With rise in expectations for independence and self-determination beginning in the 20th century, Britain had to adapt their model to the changing geo-political arena. They had to permit the appearance of independence to their colonies, while maintaining the flow of wealth and resources on which they depended. The Exploitation Model adapted quite well to this end: if a minority group depends on your support to control an “independent” country, then you can exert the exact same level of influence on this “sovereign” nation as you can over a colony – perhaps more, because you are no longer as culpable in matters of starvation, poverty and human rights. In addition to adapting the exploitation model to the changing world stage, the British carefully used their monopoly over cartography to ensure that these newly independent entities were cut up into chunks that would perpetuate ethnic strife and provide a ready pool of minority groups bidding for British support to their power with offers of enhancing British influence over the nations affairs.
Saudi Arabia and Iran are both excellent examples of the success of the British Exploitation Model in the 20th century, as well as Britain’s passing of the torch to the United States. However, no nation in the world better exemplifies this process more than Iraq.
The British first gained control of what is now Iraq after the disintegration of the Ottoman Empire following World War I. The value of controlling Iraq’s oil wealth was not lost on the British, even during the war, as the secretary of the War Cabinet, advised Foreign Secretary Arthur Belfour in writing that control of Persian and Mesopotamian oil was a “first-class British war aim.” The territories gained from the Ottomans were quickly divided up by British cartographers into units more compatible with the exploitation model: Kuwait was parceled off from Mesopotamia (later to be renamed Iraq) in an action quite reminiscent of Gerrymandering, ensuring that the Shi’ite majority in Iraq could be effectively managed by the British-supported Sunni minority, and that the British could in-turn exploit internal Shi’ite divisions in Kuwait.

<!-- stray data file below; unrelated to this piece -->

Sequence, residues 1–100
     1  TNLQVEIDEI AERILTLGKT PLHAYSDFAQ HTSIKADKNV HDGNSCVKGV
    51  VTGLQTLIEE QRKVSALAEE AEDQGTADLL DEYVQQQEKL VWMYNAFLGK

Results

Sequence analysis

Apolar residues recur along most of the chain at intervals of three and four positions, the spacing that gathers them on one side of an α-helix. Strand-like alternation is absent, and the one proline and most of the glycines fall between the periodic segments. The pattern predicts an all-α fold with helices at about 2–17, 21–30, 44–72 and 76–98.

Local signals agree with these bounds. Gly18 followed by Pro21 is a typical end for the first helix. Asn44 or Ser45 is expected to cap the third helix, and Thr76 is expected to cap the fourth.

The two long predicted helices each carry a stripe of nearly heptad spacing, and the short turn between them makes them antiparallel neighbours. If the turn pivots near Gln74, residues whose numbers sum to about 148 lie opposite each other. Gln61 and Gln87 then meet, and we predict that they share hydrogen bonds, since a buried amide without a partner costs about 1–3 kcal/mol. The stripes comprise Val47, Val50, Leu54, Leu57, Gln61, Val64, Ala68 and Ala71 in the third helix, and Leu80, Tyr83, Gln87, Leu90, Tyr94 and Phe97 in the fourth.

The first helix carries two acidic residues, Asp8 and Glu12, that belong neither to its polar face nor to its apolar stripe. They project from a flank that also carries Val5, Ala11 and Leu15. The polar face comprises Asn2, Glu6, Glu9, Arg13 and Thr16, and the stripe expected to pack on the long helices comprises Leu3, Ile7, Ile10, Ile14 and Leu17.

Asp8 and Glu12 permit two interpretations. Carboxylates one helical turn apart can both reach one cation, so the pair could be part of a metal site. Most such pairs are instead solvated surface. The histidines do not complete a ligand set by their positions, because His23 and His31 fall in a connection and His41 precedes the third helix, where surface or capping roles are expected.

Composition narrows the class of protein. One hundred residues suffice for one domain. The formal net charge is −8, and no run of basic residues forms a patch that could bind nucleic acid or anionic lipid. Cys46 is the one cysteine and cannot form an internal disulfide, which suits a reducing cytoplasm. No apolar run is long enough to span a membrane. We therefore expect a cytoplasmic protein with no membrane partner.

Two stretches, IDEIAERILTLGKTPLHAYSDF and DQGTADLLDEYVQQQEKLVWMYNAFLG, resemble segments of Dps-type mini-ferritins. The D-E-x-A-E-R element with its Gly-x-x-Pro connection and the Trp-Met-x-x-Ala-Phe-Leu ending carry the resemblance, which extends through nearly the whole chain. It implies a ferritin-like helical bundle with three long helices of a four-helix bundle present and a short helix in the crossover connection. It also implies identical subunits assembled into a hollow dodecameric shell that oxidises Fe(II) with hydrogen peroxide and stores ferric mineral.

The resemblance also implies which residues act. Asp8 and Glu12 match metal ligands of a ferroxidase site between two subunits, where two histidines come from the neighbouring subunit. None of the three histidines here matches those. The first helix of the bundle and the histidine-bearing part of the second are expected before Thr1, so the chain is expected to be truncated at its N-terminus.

From this point, up until 1990, the US and Britain effectively used the Exploitation Model to control Iraq through support to the Sunni minority. This raises the question: what is the US doing to control Iraq at present? The January 3oth elections scheduled to create a new Iraqi government seem, on the surface, to violate every tenet of the Exploitation Model: the 60% Shi’ite majority will clearly win control of the government, they have very close ties to Iran, and will essentially exclude the US from significant control in the affairs—especially the economic affairs—of Iraq. In fact, the new Iranian/Iraqi Shi’ite position will assist Iran’s power play in the region, also at the expense of US influence. So does the US have a plan? Or are they stuck between a rock (Shi’ite Control, Shi’ite/Sunni civil war) and a hard place (Fixing the election and inciting Shi’ite/Iranian violence), and are simply pressing ahead with the better of two very bad positions? Is it time for the Exploitation Model to take another evolutionary leap… is there some entirely new US strategy afoot?